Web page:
Anyone who's driven on ice, even with the best snow tires available, knows that keeping your car pointed straight can be a challenge. That's why this particular speed record gets our attention more readily than any other we've seen recently.
During the annual Swedish Speed Week event in Årsunda, Sweden, Buldre Racing Team broke the world speed record on ice with a blistering average speed of 212 miles per hour, topping out at an incredible 215.5 miles per hour. Let's take a closer look at the piece of machinery that reached that amazing speed.
Buldre Racing Team started out with a BMW E30 M3, one of the most iconic cars in the marque's history. Its boxy flared bodywork, high-strung, race-derived four-cylinder engine, and touring car homologation street cred have made it a legend.
Of course, many enthusiasts believe that any proper BMW should have a beefy inline six between the fenders. Buldre, apparently, feel the same way... but this is no BMW engine. It's an equally legendary Toyota 2JZ, pumped up to a jaw-dropping 1,300 horsepower. Needless to say, forced induction is employed to take full advantage of the 2JZ's resilient block and internals.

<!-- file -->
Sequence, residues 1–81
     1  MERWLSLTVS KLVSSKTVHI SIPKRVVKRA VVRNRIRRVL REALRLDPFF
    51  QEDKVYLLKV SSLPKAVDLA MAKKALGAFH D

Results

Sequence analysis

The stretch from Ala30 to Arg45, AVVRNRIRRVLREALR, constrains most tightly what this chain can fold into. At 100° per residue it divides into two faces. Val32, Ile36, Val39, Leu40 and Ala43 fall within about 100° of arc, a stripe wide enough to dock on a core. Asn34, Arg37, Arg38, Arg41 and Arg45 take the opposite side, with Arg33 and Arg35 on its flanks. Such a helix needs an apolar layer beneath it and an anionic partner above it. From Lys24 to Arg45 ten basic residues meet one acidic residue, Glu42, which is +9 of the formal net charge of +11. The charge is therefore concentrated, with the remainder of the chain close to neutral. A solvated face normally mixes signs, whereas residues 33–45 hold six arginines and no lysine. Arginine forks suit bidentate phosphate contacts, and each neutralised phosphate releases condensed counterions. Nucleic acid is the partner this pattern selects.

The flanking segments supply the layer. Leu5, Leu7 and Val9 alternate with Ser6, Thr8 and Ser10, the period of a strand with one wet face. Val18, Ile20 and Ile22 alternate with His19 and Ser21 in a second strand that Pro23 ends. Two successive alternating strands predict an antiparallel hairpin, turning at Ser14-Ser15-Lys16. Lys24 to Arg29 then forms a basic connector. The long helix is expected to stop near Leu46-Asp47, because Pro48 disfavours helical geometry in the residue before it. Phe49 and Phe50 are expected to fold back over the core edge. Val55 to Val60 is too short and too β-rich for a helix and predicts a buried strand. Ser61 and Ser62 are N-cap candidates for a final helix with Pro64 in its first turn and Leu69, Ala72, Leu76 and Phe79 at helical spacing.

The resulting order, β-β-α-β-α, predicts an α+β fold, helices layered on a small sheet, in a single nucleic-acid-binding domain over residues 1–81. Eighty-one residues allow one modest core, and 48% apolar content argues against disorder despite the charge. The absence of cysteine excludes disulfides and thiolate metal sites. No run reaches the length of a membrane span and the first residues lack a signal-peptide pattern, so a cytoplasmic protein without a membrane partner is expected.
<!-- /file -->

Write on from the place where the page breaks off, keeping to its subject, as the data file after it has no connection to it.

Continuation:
The previous record holder was also built by Buldre Racing team. That car was an Audi B5 S4 Avant. The silver wagon averaged a still-impressive 202 miles per hour, 10 miles per hour less than the BMW's average speed on the same stretch of icy ground.
Still, if it were us in the driver's seat, we'd happily trade off the extra speed for the security of Quattro all-wheel-drive. That said, it really must not make much of a difference at that speed.
Source: Buldre Racingteam on YouTube